Friday, 3:30 p.m.
Saturday, 1 p.m.
The Michigan Daily Friday, Ap
'M' softball team to battle for
first place against Indiana
ril 14, 1989
BY JONATHAN SAMNICK
The two teams sitting atop the
fence of the Big Ten softball
standings, Michigan and Indiana
University, resume where they left
off at the end of last season, with
doubleheaders today and tomorrow.
While the eighth-ranked Wol-
verines count on their seniors and
experienced group of younger
players, Indiana finds its strength in
its enthusiastic group of rookies.
In addition to each team's 4-2
conference mark, the Wolverines are
24-10 overall, and the Hoosiers stand
at 18-11. The games this weekend
promise a battle not only between
two of the best teams in the Big Ten
but two of the most evenly matched.
Both teams find that their success
lies in their pitching strength.
Michigan relies upon senior Andrea
Nelson, who has a 17-3 overall
record and a 2-1 Big Ten record.
Nelson also posts a 0.80 ERA for
the season which includes a near
perfect 0.27 ERA in the Big Ten.
"To counter Andrea Nelson, we
have (pitcher) Theresa Raine who
has not given up a run in the Big
Ten this season," said Indiana head
coach Diane Stephenson.
ALONG with Raine, Indiana has
can be seen in the statistics. As a
team Michigan is hitting .266 and
holding its opponents to a .198
average. The Hoosiers are hitting
.261 while holding their opposition
to an equally paltry .183.
"We lost five seniors form last
year's team," Indiana coach Steph-
enson said, "and now we have five
freshmen starting. But we do have
our entire pitching staff returning."
The fifth rookie is starting due to
a knee injury that junior catcher
Margie Ledgerwood suffered earlier
in the year. The Hoosiers are hoping
that Ledgerwood will be back for
this weekend's games.
Leading Indiana's group of
newcomers is Jene Skarzynski. She
is the team's leading hitter with a
.333 batting average, while putting
in time at both second base and
"They have the home field
advantage and they'll probably be
motivated," (Indiana swept Michigan
in the final series of last year),
Stephenson said. "But there is no
dominant team. Whoever can put the
ball between the lines is going to
a pitching staff which goes four
deep. Quite a contrast to the Wol-
verines, who rely primarily upon
Nelson and junior Jenny Allard who
is this week's Big Ten Player-of-the-
Week and Michigan's leading hitter.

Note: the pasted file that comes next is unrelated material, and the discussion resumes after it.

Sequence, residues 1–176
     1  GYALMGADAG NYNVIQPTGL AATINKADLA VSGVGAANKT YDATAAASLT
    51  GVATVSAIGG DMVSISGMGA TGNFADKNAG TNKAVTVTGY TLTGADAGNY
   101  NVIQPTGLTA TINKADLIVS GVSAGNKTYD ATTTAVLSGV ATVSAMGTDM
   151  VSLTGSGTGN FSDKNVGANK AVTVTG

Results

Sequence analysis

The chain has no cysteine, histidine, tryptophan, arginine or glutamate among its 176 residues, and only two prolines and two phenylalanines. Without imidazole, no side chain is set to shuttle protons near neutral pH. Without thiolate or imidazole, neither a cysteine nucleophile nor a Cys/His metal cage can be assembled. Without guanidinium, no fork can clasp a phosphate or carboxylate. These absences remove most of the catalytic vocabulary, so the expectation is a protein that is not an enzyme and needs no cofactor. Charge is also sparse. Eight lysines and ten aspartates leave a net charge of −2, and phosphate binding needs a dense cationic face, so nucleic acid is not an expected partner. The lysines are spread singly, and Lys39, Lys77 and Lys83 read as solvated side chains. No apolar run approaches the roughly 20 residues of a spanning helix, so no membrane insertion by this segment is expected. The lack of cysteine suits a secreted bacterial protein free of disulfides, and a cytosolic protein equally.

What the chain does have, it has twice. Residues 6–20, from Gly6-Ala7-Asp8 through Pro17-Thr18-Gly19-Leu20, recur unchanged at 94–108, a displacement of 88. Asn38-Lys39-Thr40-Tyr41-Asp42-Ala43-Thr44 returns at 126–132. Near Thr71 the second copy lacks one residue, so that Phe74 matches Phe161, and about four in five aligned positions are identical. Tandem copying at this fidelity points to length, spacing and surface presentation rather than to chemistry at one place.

Other Hoosier standout hurlers are
junior Jill Jensen and sophomore
The similarities of the two teams
Michigan football coach Bo Schembechler will have much to ponder after he sees his squad play in its
first scrimmage this weekend. The team opens its regular season September 16, against Notre Dame.
Wolverines to scrimmage in
annual Spring football game
ILinksters travel to Ohio
gY THEODORE COX
The Michigan men
against the rest oft
through Sunday on Ohi
r. Though The Scarle
will be the most deman
<in this year, Michiganc
lIe a plus for Michigan.
bd/or teams," Carrass
on a golf course last we
dstinct advantage. If h
4)uld score as well as a
Junior John Ngw~y
Iatel, Bob Papp, Chris
tip as the fifth man for
"John right now is
for Big Ten tourney
's golf team will tee-off today help us out on this particular course," Carras said.
the Big Ten at the Kepler "Overall his play has been better than the rest of the
ment. The squad will compete guys."
o State's Scarlet golf course. Michigan will be up against more than twenty
t's championship-type terrain squads. Besides the Big Ten schools, the rest of the
ding course the team has played field will be comprised of a majority of the MAC
coach Jim Carras feels this will conference universities, and a large number of the
g, it favors the better players Ohio State will present the biggest challenge for
said. "For example, we played Michigan. The Buckeyes beat the Wolverines last
ek that the average player had a week in the squads' first confrontation. This match
e had just a little bit of luck, he will be even tougher since Ohio will be playing at
will join the 'P' players, Hersh "We're accustomed to this course, and that will
Pond, and Tom Paton, on the help," said Ohio State golf coach Jim Brown. "I'll be
r Michigan. very disappointed if we don't win it all, but I'm
nrobably the best canidate to disappointed anytime we don't win."
BY RICHARD EISEN
All right, put away those
basketballs. Shove those Seattle
victories into your memory banks.
It's time to deal with the present.
It's time for the three yards and a
cloud of dust.
It's time for Bo's Boys to shine.
Michigan football coach Bo
Schembechler recently said he hopes
the championship feeling garnered
by the basketball team might spill
over into the football season. This
Saturday at Michigan Stadium, the
public will get its first chance to see
this championship spirit displayed at
the Spring Football game.
Despite the fact that Schembech-
ler and his squad enter the season
Rose Bowl champions, there are
many questions to answer and voids
to fill due to graduation and injuries.
Once again, the Wolverine quar-
terback spot is up in the air. Last